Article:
As the ships get larger and trade expands globally, the robots are poised to step up to the challenge.

At TraPac LLC’s Los Angeles terminal 24 giant red robots push cargo containers along the dock, moving boxes to other robots who place in them in precise locations.

This technology can reduce the amount of time ships spend in port while improving productivity by 30%, as reported by Erica Philips of the Wall Street Journal.

“We have to do it for productivity purposes, to stay relevant and to be able to service these large ships,” said Peter Stone, a member of TraPac’s board told the Wall Street Journal. This cargo terminal is one of four in the U.S.

The port of Long beach is getting into the game as it will soon open an automated terminal. The terminal will cost $1 billion and be able to handle 3.3 million 20-foot container units—nearly half of the entire port’s volume last year.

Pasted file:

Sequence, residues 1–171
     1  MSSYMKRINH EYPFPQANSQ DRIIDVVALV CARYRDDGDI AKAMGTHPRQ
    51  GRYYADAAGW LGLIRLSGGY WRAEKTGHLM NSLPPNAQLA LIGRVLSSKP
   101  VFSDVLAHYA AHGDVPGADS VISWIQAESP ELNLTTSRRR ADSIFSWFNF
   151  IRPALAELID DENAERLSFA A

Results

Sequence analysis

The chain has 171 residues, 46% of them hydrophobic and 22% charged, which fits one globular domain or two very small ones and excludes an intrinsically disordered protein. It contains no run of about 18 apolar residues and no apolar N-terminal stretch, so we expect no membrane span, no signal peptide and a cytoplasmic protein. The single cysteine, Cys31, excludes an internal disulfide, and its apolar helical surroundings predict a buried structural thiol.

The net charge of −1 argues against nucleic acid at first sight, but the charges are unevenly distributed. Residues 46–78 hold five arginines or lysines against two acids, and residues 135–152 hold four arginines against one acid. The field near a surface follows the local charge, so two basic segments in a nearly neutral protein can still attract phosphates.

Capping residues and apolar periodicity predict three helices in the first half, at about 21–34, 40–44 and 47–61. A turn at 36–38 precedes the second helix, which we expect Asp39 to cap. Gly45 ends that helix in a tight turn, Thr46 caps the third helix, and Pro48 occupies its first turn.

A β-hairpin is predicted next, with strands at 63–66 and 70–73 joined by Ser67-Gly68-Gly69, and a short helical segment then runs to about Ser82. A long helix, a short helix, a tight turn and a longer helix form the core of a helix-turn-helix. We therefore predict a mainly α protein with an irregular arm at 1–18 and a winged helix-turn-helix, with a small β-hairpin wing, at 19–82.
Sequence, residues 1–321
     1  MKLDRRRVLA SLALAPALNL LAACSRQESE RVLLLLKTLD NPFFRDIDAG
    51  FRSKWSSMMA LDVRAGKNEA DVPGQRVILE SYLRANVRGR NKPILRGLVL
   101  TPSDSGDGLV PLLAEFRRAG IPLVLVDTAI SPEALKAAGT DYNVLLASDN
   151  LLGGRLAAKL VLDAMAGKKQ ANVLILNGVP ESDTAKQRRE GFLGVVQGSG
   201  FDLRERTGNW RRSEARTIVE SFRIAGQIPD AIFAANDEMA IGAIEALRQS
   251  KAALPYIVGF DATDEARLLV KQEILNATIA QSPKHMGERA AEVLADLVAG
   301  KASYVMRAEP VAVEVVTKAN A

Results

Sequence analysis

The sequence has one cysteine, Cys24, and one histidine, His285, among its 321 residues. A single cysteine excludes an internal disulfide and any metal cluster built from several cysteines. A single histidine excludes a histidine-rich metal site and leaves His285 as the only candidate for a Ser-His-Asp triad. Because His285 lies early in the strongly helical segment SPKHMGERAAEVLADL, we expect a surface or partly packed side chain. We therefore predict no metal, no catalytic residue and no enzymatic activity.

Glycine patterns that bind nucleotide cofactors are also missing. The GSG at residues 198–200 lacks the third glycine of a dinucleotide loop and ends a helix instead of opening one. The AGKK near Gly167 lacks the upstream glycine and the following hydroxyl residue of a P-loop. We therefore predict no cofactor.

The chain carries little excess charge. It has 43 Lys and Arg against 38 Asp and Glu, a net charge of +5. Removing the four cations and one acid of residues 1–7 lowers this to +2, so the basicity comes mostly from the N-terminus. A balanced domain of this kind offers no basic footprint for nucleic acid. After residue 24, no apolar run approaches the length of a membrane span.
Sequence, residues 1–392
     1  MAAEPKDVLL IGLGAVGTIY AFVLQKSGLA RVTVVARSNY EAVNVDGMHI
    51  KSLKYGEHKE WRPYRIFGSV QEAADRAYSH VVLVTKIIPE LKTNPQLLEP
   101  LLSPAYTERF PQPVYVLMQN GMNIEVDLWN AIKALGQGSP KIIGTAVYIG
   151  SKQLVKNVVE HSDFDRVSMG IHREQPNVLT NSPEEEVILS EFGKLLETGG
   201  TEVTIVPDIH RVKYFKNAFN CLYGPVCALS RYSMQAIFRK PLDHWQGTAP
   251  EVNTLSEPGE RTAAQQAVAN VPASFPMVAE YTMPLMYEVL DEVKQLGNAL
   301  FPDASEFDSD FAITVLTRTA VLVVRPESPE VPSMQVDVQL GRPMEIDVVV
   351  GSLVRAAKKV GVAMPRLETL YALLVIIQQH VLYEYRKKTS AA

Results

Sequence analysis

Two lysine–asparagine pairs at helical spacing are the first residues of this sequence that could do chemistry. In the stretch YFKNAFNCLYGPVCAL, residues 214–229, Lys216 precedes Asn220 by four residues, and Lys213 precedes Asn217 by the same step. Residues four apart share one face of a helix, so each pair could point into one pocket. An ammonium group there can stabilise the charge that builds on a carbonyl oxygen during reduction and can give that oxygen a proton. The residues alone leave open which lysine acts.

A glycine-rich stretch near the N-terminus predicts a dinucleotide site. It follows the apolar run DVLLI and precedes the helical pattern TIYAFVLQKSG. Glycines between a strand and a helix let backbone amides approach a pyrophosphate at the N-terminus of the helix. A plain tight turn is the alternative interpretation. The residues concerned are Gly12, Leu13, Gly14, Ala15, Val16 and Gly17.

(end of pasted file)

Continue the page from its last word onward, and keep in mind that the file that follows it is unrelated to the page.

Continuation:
But not everyone is happy about this automation. 

Labor unions have resisted the technology as some studies show that robotic cargo handling can reduce the need for longshore labor by as much as 50%.

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